It’s mostly the characters that provide all the riffing fodder in this episode. Troy is such a skinny little guy that Mike and bots just go for him right off the bat. They add little grunts and sighs when he lifts napkins, opens doors and just walks in the woods. Poor Troy also seems to have a bit of a lisp and a high pitched voice – so that adds fuel to the fire, especially after he says “Rowsdower” in an especially breathy way during a camping scene.
Mike Pipper’s Yosemite Sam character is also a source for comedy, with his crazy voice, and crazier eyes he’s a gold mine. And his unique look even carries over into a host segment. Sartoris with his black trench coat, goth make-up and exceedingly deep voice is almost funny enough without riffing, but Mike and the bots love to put words in his mouth and it’s a good time.
But the true running joke in The Final Sacrifice is the character and name Rowsdower. The minute his name is mentioned Mike and Bots turn it into a running joke, turning all kinds of things into Rowsdower accessories, or just saying his name during an action scene (reminding me a lot of the same riffing technique used in the season five classic Mitchell). Some people find the whole “Rowsdower” running joke to be done to death, but I think they do it just enough to keep it funny.
The movie is Canadian and that just opens the door for all kinds of jokes at our Northern neighbors expense. Much like they did with the British earlier in this season and the Japanese in the previous season – some of the jokes get a little too mean. They’re funny, but they aren’t PC at all. I do notice that in the years on the Sci-fi Channel, this kind of humor increased quite a bit. I find I have to be in the mood for it, and I’ll enjoy it. But this time it seemed a bit too much, especially when it oozed into the host segments.
Speaking of which, the show starts off with a power outage on the Satellite Of Love and Crow and Tom try their hand at some looting. Then Pearl decides to take over the world, one human at a time. It doesn’t start out too promising. Tom Servo attempts to sing an Ode to Canada and things get real mean – real fast. Inspired by Zap’s mullet, everyone in the show comes down with “Hockey Hair” – even Brain Guy! Mike is immune to hockey hair, because he had it during the 80’s and when you’ve had it once you don’t get it again (that’s good news for me!). Instead he comes down with Grizzled Old Prospector’s hair. The show wraps up with Crow and Tom starting their own cult and Pearl nearly taking over her first person.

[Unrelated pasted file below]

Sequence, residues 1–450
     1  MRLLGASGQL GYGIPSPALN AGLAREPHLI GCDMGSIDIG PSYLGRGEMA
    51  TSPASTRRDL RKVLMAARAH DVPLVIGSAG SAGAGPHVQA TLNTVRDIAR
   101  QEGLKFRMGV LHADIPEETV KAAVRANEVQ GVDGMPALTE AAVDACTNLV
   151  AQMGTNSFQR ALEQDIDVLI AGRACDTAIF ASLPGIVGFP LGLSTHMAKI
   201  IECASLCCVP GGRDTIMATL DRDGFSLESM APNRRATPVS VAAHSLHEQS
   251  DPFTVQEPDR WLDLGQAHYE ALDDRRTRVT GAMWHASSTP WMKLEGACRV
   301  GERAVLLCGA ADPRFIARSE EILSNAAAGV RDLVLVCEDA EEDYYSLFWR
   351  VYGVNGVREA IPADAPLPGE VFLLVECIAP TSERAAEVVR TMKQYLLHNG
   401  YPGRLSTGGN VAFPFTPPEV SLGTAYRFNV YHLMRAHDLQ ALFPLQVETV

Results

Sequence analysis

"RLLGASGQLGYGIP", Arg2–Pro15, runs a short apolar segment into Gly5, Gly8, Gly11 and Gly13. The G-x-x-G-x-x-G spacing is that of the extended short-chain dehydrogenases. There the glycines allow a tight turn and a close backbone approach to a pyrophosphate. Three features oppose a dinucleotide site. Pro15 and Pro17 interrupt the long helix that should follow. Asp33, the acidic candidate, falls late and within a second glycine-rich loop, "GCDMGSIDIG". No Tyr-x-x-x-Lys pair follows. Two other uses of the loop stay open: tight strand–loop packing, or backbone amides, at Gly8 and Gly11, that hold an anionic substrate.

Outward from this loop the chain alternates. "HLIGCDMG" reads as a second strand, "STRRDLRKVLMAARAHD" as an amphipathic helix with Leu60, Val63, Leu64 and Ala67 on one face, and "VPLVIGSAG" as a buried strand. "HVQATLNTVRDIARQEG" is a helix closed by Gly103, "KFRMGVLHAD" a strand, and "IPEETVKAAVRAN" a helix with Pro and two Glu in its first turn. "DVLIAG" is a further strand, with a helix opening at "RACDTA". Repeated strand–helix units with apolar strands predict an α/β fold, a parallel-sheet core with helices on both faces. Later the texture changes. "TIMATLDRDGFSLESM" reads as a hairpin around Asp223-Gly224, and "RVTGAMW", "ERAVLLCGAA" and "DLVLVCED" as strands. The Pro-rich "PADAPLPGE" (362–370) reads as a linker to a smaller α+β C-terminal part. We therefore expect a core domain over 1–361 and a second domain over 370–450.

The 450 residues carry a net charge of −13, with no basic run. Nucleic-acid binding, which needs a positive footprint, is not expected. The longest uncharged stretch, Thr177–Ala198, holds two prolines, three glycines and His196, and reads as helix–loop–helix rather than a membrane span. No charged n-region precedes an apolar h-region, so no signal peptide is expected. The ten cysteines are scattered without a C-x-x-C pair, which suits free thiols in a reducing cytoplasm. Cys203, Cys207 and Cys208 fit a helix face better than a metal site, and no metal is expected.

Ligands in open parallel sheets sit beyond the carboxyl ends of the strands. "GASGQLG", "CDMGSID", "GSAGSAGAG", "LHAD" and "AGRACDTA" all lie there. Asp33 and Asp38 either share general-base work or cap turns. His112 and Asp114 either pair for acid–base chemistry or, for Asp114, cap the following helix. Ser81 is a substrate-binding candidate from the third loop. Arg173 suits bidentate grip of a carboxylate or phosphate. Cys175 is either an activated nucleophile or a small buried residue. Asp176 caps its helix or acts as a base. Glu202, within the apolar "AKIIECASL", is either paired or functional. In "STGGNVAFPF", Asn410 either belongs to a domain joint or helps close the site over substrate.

The first couple times I saw The Final Sacrifice I loved it. But watching it again this time, I felt that it takes a while to really get going. The scenes with Troy digging in the attic take a lot of time, and Mike and Bots really start running thin on riffs. It isn’t until Rowsdower makes his appearance that the energy comes back and the laughs are steady. As I mentioned the Canada bashing bothered me a bit this time too – so I can’t give the episode top marks. But it is a good one.
Four Zap Rowsdower’s out of five.
This episode is available on the Mystery Science Theater 3000 Volume XVII.
For those that are curious, I included the picture that does not show the Troy or Rowsdower featured in the film, and they changed the title to something a little more Indiana Jonesey. It was just too cool not to include.